Tag Archives: World War Two

Bloodthirsty Poppies

Bloodthirsty Poppies

I stand alone and face the world,
Rage in my heart far unfurled,
Ghostly poppies dream their chance,
To pull the blood into their trance,
Scarlet heads mark bloody fields,
The sword against the poppy yields,
For every flower marks a life,
Someone’ child dead through strife,
Soldier’s soul sustains the petal,
Pretty head far worse than nettle,
Blood released upon the ground,
Red heads sway towards the sound,
Poppies are the ones so flirty,
Poppies are the most bloodthirsty.

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Remembrance Day

In honour of Remembrance Dya, over the next few days I’ll post poems that a relevant to the subject. The first one follows.

You and I

Straight, tall soldiers developed hunches,
Lost all sight of old war grudges,
Why point the finger, appoint the blame,
You and I, I and You, we are the same, we are the same.

I have the rifle but do I shoot?
Do I play God and follow suit?
What part does God play in our war?
You and I, I and you, there are more, there are more.

A hell of sounds; sounds from Hell,
The noise of bullets covering the bell,
The bell of souls shall sound for he,
You and I, I and You, the bell of sounds will come for thee.

Blood flowed and mixed with all the mud,
To great deep holes the bodies lugged,
Soldier and death: who loses the duel?
You and I, I and You, time is cruel, time is cruel.


Poppies

This was inspired by the scenes of red poppies covering the battlefields and the graves of many soldiers.

Poppies

Red as blood, as black as coal,
Unsure as a newborn foal,
Pretty heads face from the ground,
Wars ago, you’d hear the sound,
Soldier’s marching to their fate,
Poppies marking Heaven’s gate,
Red as blood, as black as coal,
A poppy for a soldier’s soul.

Red as blood, as black as coal,
A thirst for blood beyond control,
Red flowers on the tainted dirt,
Buried beneath: a bloodied shirt,
The wind that makes the poppies dance,
Can’t stop the soldier’s brave advance,
Red as blood, as black as coal,
A poppy for a soldier’s soul.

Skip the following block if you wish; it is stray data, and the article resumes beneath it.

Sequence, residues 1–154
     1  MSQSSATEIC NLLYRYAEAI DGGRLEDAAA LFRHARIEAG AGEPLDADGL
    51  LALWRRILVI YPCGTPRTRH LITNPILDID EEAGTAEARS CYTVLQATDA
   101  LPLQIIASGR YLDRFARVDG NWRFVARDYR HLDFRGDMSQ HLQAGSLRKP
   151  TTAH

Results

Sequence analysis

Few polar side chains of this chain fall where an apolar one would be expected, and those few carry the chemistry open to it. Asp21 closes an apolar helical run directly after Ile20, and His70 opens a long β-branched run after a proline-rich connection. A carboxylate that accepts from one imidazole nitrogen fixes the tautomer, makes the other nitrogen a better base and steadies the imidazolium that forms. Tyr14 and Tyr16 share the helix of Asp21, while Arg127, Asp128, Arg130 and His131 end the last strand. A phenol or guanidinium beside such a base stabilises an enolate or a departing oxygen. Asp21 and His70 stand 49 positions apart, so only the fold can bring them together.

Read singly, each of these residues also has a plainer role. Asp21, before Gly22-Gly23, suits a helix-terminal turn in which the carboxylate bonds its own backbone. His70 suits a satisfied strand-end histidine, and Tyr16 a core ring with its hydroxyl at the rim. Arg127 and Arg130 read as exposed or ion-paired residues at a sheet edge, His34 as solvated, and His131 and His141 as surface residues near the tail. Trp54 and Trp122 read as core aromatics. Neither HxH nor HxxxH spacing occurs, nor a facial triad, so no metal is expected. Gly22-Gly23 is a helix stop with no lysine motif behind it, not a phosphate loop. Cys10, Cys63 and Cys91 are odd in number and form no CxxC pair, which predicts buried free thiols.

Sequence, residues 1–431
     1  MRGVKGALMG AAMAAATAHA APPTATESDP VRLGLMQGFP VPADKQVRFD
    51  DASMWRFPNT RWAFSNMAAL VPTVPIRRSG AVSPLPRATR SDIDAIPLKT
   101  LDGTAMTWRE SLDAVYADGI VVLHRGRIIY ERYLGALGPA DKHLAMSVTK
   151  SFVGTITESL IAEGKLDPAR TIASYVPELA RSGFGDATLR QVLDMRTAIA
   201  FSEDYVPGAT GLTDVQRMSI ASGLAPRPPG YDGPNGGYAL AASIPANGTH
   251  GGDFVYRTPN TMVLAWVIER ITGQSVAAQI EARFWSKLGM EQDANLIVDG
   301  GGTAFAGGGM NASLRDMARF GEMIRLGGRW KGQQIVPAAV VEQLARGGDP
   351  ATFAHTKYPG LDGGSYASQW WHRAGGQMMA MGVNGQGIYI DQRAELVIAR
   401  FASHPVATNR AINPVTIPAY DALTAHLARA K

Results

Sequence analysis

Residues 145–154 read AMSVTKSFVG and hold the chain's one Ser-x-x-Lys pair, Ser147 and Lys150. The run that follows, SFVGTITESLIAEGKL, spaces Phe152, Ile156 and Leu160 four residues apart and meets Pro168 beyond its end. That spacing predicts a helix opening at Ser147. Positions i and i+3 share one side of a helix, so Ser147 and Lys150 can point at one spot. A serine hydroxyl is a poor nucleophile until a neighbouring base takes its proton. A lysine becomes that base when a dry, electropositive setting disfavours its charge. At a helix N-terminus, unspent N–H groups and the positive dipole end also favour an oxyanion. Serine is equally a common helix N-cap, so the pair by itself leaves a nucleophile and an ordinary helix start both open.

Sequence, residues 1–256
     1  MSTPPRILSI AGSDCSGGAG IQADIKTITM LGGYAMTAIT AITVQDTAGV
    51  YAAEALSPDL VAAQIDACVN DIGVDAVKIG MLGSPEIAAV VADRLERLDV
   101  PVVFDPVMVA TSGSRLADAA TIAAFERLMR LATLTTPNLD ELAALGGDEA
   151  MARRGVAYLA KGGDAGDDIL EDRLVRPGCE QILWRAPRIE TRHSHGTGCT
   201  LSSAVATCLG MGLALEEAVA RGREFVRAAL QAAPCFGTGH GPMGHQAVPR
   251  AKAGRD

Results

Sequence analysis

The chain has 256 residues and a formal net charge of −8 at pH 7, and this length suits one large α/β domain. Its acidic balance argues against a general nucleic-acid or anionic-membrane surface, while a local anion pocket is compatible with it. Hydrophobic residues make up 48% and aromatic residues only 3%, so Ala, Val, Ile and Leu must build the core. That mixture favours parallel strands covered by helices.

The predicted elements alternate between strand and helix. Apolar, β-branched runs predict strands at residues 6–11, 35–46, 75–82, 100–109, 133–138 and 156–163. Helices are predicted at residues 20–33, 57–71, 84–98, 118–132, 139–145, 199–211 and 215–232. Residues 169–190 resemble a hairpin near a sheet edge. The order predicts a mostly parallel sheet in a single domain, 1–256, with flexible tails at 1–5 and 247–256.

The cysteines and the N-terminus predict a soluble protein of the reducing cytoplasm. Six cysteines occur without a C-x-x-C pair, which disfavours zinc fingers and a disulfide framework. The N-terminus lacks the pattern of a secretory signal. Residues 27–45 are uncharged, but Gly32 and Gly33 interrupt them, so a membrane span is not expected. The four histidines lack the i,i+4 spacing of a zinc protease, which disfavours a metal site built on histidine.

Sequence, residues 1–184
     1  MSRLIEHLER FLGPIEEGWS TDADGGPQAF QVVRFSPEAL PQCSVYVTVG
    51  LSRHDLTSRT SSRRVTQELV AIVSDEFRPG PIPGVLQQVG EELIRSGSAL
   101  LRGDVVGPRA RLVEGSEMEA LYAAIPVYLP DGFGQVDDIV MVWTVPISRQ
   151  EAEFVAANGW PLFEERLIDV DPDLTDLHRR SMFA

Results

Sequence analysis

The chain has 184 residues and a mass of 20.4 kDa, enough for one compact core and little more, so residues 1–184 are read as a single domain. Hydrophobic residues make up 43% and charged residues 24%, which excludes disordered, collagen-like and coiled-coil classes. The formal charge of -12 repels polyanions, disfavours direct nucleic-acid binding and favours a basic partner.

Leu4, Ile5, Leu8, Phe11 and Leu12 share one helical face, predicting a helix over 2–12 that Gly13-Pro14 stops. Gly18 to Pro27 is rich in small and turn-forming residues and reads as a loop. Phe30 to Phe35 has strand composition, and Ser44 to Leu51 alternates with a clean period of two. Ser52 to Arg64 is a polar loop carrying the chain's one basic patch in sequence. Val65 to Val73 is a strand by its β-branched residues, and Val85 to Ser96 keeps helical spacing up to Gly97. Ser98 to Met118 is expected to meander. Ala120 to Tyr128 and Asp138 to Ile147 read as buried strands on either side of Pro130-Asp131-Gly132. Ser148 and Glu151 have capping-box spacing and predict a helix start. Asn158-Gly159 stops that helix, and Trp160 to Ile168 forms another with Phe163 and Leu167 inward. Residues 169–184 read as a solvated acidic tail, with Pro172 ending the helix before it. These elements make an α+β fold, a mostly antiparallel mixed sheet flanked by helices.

The basic idea for this poem was based on the idea that for every poppy we see, it symbolises the loss of one soldier. Therefore showing poppies in a different light.


Tired of Guilt

Another poem written by a Jew perhaps suffering from survivor’s guilt.

Tired of Guilt

I can see your face but I know you’re not there,
I know that you are just a nightmare,
I can see in your face the hell you were in,
I can wait simply for hell to begin,
I know it could have been me, who was taken,
And still now I hope only to awaken,
It wasn’t my fault, all were at risk,
All of us suffered, no matter how brisk,
I have suffered long without you to help,
No matter how wild you were, young whelp,
You know that I loved you with all of my heart,
And it broke when we were pulled without mercy apart,
The tears have left empty grooves in my face,
But I have none left for the others to chase,
But I am still here and you are elsewhere,
I can accept it but still we move nowhere,
I shall never forget you but know I must leave,
For also I almost died for what I believe.


The Walking Dead

This poem was inspired, again, by World War Two. The story was of a doctor who helped run a Jewish orphanage. He was offered a way out of the war but he stayed with the children. Eventually German soldiers arrived and forced the doctor and the children to walk miles to the nearest concentration camp. While they walked, the doctor held the hands of one or two of the children. Here’s the result of my “inspiration”. (By the way, the sand refers to a sand timer and the smoke obviously to the burning of clothes and bodies by the Nazis and the persona is obviously one of the children holding the doctor’s hand, whispering his fears and ending up consoling the poor doctor).

The Walking Dead

We are the walking dead, aren’t we mister,

The walking dead, me and my little sister,

We’re marching to our death aren’t we sir,

Please, my little sister, can’t you help her,

Mister, you aren’t crying are you,

Come on now, it’s nothing new,

Just keep on holding my blistered hand,

It’s almost gone, all that sand,

Mister, I can be the walking dead,

‘Cause I know that He’s not just in my head,

You see the smoke of Satan’s cigar,

We are the walking dead, we are.


Warsaw

In RE we were studying Judaism and the Holocaust. Through it we were told the story of the Warsaw Ghetto Uprising. I liked the story as it showed the amount of courage these poor, downtrodden Jewish people had but also because they achieved something when it was thought impossible. Here’s the story.

Warsaw

I bite my lip as I face the man,

Pondering if maybe, I should have ran,

But they pushed us until it was forced to break,

No more of our own could they take,

A simple sound was all it took,

A shifty eye, a dirty look,

The rhythm of boots, invaders back,

That’s all it took for the façade to crack,

Safety catches now were off,

They started forward, pigs at a trough,

Weapons concealed now clutched in rage,

The empty street, a new blank page,

Written on it words of battle,

Filled with guns and flame and rattle,

Pouring out no matter of age,

Time to rattle the bars of the cage,

Attack and kill like a rabid dog,

Away from us they backward jog,

Anger fills and boils over,

But we are without four-leaf clover,

Luck runs out and I am caught,

I look and see the damage we wrought,

Joy I find in the depths of my heart,

For now we stopped the major depart,

I bite my lip and I look at his eyes,

And I see evil without its disguise,

Now I am sure that we have done right,

Because for us there is no white knight,

Finally we have made our brave stand,

And saved the others, just as we planned.


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